Take a look at these eight courses you should play when in Shropshire.

The Best Golf Courses In Shropshire

Situated in the West Midlands, the county of Shropshire is set alongside Wales and Cheshire and offers golf in the rolling hills at the heart of the country. With some incredible views to enjoy, we have taken a look at eight courses you should play when travelling to this unheralded golfing county.

Related: Golf Monthly’s UK&I Top 100 Courses

Hawkstone Park

The well-bunkered 6th green on Hawkstone Park's Championship course

The well-bunkered 6th green on Hawkstone Park’s Championship course

Today’s two layouts provide wonderfully contrasting tests, with the Hawkstone playing up to and around the extraordinary cliffs of the Hawkstone Park Follies. The par-5 8th stands out on the front nine, doglegging sharply to the left, with everything cambering awkwardly away from you. It’s then still a long way in to a green beautifully framed by trees, a demanding target which I concluded only the brave, foolish or highly skilled would risk taking on in two. The 10th takes you down to the highest of the cliffs, while the 11th then plays between them, with folly visitors possibly charting your progress from up on high. The Championship course is more of an American-style layout with water aplenty, although I couldn’t help but think that the trees around the 3rd green gave it a Spanish flavour. Over the final stretch, the 17th stands out – a shortish par 3 across a pretty pond with a steep-fronted green.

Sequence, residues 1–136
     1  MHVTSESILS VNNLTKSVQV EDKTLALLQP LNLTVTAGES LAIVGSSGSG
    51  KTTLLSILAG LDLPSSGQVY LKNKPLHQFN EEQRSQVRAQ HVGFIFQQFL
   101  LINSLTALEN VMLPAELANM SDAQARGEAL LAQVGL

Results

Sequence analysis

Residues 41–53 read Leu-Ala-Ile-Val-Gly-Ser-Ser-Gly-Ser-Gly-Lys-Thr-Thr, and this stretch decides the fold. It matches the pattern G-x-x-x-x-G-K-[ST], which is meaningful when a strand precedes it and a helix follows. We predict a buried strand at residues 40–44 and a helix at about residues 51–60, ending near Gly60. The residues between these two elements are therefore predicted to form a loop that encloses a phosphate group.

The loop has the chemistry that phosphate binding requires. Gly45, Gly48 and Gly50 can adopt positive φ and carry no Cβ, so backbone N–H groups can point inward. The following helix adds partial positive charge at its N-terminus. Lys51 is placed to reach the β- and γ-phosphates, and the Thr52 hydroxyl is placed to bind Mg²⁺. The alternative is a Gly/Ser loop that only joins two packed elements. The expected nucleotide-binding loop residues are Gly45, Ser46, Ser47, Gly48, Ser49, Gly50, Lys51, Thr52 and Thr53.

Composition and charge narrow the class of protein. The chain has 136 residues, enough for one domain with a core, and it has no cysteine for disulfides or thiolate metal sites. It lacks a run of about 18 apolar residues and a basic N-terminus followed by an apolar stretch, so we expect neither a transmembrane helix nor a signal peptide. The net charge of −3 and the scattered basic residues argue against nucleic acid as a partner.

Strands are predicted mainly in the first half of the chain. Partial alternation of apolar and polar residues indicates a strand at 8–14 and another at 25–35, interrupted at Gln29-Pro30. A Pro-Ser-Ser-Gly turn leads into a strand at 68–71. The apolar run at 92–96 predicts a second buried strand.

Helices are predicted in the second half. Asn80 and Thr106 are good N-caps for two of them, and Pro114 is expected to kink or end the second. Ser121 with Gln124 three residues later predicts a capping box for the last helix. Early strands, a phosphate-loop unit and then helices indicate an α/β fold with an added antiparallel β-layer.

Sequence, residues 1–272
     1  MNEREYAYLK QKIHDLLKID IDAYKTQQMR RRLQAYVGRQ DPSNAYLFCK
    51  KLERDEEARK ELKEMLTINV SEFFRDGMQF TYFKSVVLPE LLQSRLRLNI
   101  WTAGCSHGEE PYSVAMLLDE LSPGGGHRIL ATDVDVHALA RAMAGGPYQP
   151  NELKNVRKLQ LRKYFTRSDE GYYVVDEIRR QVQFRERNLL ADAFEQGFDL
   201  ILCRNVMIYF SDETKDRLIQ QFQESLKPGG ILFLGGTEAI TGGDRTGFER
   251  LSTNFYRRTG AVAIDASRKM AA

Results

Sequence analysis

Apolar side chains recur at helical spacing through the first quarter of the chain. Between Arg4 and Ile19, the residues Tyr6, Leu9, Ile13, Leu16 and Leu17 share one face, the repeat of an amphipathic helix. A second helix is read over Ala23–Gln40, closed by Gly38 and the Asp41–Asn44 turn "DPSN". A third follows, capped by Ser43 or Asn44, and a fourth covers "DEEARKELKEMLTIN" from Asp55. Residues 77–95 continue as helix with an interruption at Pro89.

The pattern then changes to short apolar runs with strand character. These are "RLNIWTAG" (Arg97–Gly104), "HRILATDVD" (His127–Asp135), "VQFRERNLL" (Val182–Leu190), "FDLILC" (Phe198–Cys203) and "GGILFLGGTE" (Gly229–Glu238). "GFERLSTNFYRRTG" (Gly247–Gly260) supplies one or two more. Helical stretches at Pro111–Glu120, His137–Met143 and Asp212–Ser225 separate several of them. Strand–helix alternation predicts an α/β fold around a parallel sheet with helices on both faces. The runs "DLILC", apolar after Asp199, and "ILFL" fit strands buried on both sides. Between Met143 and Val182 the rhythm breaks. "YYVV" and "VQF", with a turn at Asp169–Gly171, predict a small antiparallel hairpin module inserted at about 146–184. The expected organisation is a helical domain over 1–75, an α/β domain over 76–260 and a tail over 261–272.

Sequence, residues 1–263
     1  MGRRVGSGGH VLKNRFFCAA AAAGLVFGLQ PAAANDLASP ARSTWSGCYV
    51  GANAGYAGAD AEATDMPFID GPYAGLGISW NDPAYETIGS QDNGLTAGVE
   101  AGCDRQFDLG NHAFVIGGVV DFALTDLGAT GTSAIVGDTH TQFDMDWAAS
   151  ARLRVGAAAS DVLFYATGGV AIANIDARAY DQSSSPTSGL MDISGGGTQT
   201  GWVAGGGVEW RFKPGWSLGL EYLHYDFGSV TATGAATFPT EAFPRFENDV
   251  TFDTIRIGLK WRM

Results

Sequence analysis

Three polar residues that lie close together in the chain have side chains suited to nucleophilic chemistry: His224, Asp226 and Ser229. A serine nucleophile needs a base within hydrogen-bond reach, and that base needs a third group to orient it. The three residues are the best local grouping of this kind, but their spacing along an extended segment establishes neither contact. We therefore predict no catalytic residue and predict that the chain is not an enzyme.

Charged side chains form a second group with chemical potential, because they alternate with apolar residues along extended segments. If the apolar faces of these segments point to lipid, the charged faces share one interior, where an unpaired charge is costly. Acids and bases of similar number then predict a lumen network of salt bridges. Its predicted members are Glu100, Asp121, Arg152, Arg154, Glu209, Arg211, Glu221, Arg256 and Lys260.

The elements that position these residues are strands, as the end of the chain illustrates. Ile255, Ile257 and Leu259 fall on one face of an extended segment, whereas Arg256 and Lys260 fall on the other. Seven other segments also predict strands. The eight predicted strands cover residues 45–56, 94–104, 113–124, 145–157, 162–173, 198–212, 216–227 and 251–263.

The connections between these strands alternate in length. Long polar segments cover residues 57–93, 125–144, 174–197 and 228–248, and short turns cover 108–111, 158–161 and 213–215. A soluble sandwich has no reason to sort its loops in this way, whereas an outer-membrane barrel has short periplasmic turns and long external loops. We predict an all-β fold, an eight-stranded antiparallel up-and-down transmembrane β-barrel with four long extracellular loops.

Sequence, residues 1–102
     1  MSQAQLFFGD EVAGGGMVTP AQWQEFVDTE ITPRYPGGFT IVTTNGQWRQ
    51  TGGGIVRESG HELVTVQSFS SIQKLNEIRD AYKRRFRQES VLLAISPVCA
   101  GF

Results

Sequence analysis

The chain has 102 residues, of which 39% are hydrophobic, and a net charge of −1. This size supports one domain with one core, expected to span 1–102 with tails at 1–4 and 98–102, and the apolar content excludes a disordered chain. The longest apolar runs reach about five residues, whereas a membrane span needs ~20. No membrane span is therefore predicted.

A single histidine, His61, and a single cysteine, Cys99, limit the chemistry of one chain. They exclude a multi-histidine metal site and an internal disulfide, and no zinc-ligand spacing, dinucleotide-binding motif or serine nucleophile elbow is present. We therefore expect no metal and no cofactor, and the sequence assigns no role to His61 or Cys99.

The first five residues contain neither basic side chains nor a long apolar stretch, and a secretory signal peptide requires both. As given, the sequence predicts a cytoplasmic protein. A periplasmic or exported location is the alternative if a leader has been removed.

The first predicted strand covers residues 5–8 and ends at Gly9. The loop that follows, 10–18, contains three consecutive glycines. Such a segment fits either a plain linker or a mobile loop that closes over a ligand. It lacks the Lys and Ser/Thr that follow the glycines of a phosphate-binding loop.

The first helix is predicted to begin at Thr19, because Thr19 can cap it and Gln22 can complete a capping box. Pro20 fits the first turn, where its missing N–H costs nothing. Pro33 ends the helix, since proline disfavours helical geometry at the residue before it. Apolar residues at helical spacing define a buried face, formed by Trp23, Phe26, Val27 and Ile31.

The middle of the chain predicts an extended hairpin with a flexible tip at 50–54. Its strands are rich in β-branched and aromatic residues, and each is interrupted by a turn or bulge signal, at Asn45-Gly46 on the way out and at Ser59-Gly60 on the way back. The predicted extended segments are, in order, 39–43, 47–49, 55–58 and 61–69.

Shrewsbury

Looking down towards the 11th green on Shrewsbury's undulating back nine

Looking down towards the 11th green on Shrewsbury’s undulating back nine

The front nine plays over flatter terrain with trees forming the main adversaries, though mercifully, nearly all have short grass beneath them so you’ll rarely suffer the double blow of also losing your ball. Moving it right to left is a big advantage on the demanding 5th, while the par-5 7th has a massive tree in the middle of the fairway, which I obviously took dead-aim on to ensure safe passage one side or the other! The back nine the other side of the railway has a very different character as the course wends through the Shropshire countryside via much more undulating terrain.

Shifnal

The par-3 13th at Shifnal plays over water towards the distinctive white clubhouse

The par-3 13th at Shifnal plays over water towards the distinctive white clubhouse

The grand white Georgian clubhouse forms the impressive backdrop to the 2nd, 9th, 13th and 18th holes on a course best described as delightful, blessed with enviable variety and the right balance of challenge and chance. The 4th is a lovely risk-reward par 4 with the green tucked away to the right and plenty of bunkers to discourage wanton aggression. Scores can certainly be made or lost on the 9th and 10th, first a long par-4 doglegging up and round to the left with a steeply sloping green, then a 220-yarder down the hill with bunkers lying in wait.

Wrekin

Clubbing is tricky on Wrekin's steeply downhill par-3 7th